The Do-335

Discussion in 'Old Threads' started by Haztoys, Jul 5, 2008.

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  1. Haztoys

    Haztoys Member

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    Would the Do-335 German fighter have worked out as a good fighter if the timing and there had been more of them ...Or......???
     
  2. Soren

    Soren Banned

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    Perhaps, but it would've proven more capable in the destroyer role, leaving the role of fighter to the true fighters, the Me-262 Ta-152.
     
  3. Flyboy2

    Flyboy2 Member

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    I think it would have been a little heavy, kinda like the P-38. However, i think it would have been an amazing bomber destroyer!
     
  4. Velius

    Velius Member

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    There were plans of installing jet engines in the later versions. I wonder how their performance would've differed? I agree with Flyboy2 in the bomber destroyer role and I think it would've done well as a fighter-bomber.
     
  5. HoHun

    HoHun Active Member

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    Hi Haztoys,

    >Would the Do-335 German fighter have worked out as a good fighter if the timing and there had been more of them ...Or......???

    Here is a thread on the Do 335 which includes a performance to the Ta 152:

    http://www.ww2aircraft.net/forum/aviation/do-335-vs-ta-152-a-9057-2.html#post333382

    (Post #46 in that thread, in case the link doesn't you exactly to the destination as it properly should.)

    Regards,

    Henning (HoHun)
     
  6. davparlr

    davparlr Well-Known Member

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    Correct. If Germany had spent the time and money on the real weapon advantage they had, the Me-262, instead on the almost useless weapons such as the Do-335, the V-1, the V-2, etc., etc., they would have been far more formidable.

    I think the aircraft was too heavy to be effective against possible escort fighters it could have been pitted against at bomber altitudes of 25 to 35k (B-17/29). The P-47M, which was selected as the best allied fighter above 25k ft. by the Joint Fighter Conference, was available and was slightly slower at 25k but much faster as altitude went from 25-35k ft, had more power available (2800hp to 32.5k, 2600hp at 35k) and almost 6000 lbs less airframe weight, giving a much better wing loading and power loading at these altitudes. Therefore, it would have been faster, much more nimble, and accelerated better. In addition, it had a higher ceiling. At these bomber altitudes, the Do-335 would have been at a disadvantage. So, see comment above.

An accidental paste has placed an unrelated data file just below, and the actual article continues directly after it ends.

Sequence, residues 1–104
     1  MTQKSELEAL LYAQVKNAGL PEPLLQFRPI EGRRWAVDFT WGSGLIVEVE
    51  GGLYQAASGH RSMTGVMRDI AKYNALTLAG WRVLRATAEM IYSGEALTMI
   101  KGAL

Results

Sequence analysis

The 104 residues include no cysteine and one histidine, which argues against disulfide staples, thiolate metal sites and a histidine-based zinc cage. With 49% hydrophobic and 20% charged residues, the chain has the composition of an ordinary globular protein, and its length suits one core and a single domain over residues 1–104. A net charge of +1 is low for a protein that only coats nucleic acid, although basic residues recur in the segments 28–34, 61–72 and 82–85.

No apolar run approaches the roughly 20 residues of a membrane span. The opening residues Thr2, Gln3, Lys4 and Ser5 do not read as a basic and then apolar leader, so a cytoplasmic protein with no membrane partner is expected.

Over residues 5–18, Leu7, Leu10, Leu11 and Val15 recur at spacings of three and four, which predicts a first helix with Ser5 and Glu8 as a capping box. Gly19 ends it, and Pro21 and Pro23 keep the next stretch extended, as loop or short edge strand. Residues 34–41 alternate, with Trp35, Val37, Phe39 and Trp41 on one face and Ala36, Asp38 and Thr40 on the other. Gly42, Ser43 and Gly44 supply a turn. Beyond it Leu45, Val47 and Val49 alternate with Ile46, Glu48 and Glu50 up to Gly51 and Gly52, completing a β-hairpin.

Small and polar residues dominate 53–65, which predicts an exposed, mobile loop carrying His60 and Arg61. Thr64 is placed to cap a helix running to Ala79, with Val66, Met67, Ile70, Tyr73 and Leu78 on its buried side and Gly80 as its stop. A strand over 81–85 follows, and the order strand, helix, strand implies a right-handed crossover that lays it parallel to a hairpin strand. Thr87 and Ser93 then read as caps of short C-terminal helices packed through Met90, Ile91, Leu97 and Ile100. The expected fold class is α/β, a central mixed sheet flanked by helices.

7. KrazyKraut

    KrazyKraut Banned

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    I think as a mainstay bomber interceptor it was a waste of ressources. Ta 152 and Me 262 together fulfilled all the needs except for maybe range, which was less of a concern for Germany at the time.

    It would've been great as a multi-role aircraft though: Reconaissance, fast-bomber and in limited numbers as "destroyer".
    This is always brought up when it comes to these superweapons, but it's hard to say how relevant it really was. V1/V2 was a whole different league than jet or prop fighters: The knowledge it took to develop isn't interchangeable with the resources needed to develop piston or jet engines, the fuel they burned was made from potatoes (I heard). Sure they were much too high on the Reich's prio list, but overall I don't think it made the tremendous (negative) impact many assume.

    The Do 335 development was continued as a fallback for the Ta 152, which imo was very sensible (esp. considering they used different engines) and mirrors the development practice of nearly all the airforces at the time (and probably today). And it's not like you could just switch a factory and it's workers from DB 603 to jet engine production in a matter of days.
     
  8. Flyboy2

    Flyboy2 Member

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    The Ta-152 was also a more practical aircraft. It was just a development of an already proven and effective aircraft. I don't know if the Do-335 was the wonder aircraft. It seems as though the engine arrangement would have been overly complicated. It actually kind of reminds me of the P-39
     
  9. HoHun

    HoHun Active Member

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    Hi Krazykraut,

    >This is always brought up when it comes to these superweapons, but it's hard to say how relevant it really was. V1/V2 was a whole different league than jet or prop fighters: The knowledge it took to develop isn't interchangeable with the resources needed to develop piston or jet engines, the fuel they burned was made from potatoes (I heard).

    Actually the V1 and V2 were quite different in that respect. The V1 was a cheap, easily mass-produced and not very advanced weapon, while the V2 was expensive high technology.

    Ironically Milch considered the V1 a great success, and the V2 a critical failure. The V1 launch sites made a major strategical target for the Allied bombers, soaking up sorties that without their existence would have hit the German economy. (And as far as the Germans were concerned, they were convinced that strategic bombing worked.) Of course Milch had exaggerated expectations regarding the effectiveness of the V1 against its targets, but just for the decoy and flak trap value it had, he already considered it a success.

    The V2 on the other hand he saw as a competitor to the Luftwaffe when it came to the allocation of critically needed resources. In his opinion, the V2 was a great waste of manpower and materials that would have better been used to strengthen the Luftwaffe's conventional fighter force.

    Regards,

    Henning (HoHun)
     
  10. kool kitty89

    kool kitty89 Well-Known Member

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    The V-2 also took away possibilities of SAM development.